## Recipe 5.3. Calculating Confidence Intervals## ProblemYou need to compute confidence intervals for certain estimates and you're not sure what support Excel provides for these calculations. ## SolutionExcel offers a built-in function called ## DiscussionIn Recipe 5.1, I showed you how to use Excel's built-in functions to compute summary statistics. I also showed you how to compute summary statistics using the Descriptive Statistics tool available from the Analysis ToolPak. In both cases, confidence intervals for the mean were computed and I pointed out that the confidence interval returned by Excel's The difference in the computed confidence interval is due to the fact that the
You can use ## See AlsoYou can use the formulas discussed in this recipe to compute confidence intervals for other estimates as well. In Recipe 8.8, I show you how to compute confidence intervals for regression curves. |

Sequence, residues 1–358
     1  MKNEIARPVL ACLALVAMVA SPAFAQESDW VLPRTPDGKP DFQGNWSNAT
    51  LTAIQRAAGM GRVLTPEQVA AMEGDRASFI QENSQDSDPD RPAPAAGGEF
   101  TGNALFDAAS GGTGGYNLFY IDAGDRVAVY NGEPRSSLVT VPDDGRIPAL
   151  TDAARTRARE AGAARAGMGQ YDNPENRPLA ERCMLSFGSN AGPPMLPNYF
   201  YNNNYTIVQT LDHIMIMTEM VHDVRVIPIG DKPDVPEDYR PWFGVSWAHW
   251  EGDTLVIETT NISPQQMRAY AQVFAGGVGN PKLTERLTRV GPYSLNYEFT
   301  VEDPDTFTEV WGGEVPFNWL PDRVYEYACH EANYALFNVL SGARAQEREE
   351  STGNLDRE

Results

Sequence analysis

## Recipe 5.4. Correlating Data## ProblemYou're working with a multivariable problem and want to compute the correlation coefficient between variables. ## SolutionUse Excel's built-in functions ## DiscussionIn Recipe 8.4, I show you how to perform linear regression where the dependent variable depends on more than one independent variable. The example I discuss in that recipe involves six independent variables. This is a typical example where it's prudent to assess the correlation between independent variables before conducting the regression analysis. This way you can avoid using highly correlated (or colinear) independent variables, which can give you trouble. Excel provides two built-in functions that allow you to compute the Pearson product-moment correlation coefficients between variables. These functions are Figure 5-8 shows the data from the multiple linear regression example I discuss in Chapter 8. For now, I'll show you how to examine the correlation between independent variablesthe x variablesusing Excel's correlation functions as well as the Analysis ToolPak. To compute the correlation coefficient between variables ## Figure 5-8. Multiple linear regression dataTo save some time when dealing with numerous variables, you might consider using the Correlation tool available in the Analysis ToolPak. Select Tools images/U2192.jpg border=0> Data Analysis from the main menu bar to open the Data Analysis dialog box shown in Figure 5-9. ## Figure 5-9. Data Analysis Correlation toolSelect the Correlation tool and press OK to open the Correlation tool dialog box shown in Figure 5-10. ## Figure 5-10. Correlation tool dialog boxThe Correlation tool allows you to select multiple datasets at once; it will compute the correlation coefficients between all the datasets. For example, in Figure 5-10 I entered cells E6 through J22 in the Input Range. This cell range includes all of the x variables shown in Figure 5-8. I included the header labels in the input range, so I checked the "Labels in first row" option. Further, I specified cell M7 (on the same worksheet) as the starting cell where I'd like the output displayed. Figure 5-11 shows the results. ## Figure 5-11. Correlation resultsThis table presents the correlation coefficient between each given variable and every other variable. It also correlates each variable with itself, which of course results in a correlation coefficient of 1 (as you can see in Figure 5-11). Sometimes it's useful to compute There are other types of correlation coefficients common in statistical analysis. For example, For example, you can readily prepare a spreadsheet to compute the Spearman rank correlation coefficient between variables The first two columns in the table contain the raw data. The third and fourth columns contain the rank of each data point. I used the The formula for computing the Pearson rank correlation coefficient is: Here, d is the difference in ranks between corresponding values for both To compute d Cell G57 computes the sum of d ## Figure 5-12. Spearman rank correlation coefficient calculation## See AlsoTake a look at Recipe 8.4 to see the resulting regression model for this example dataset. Chapter 8 also discusses coefficients of determination in the context of least-squares curve fitting. Read Recipe 5.5 to learn more about |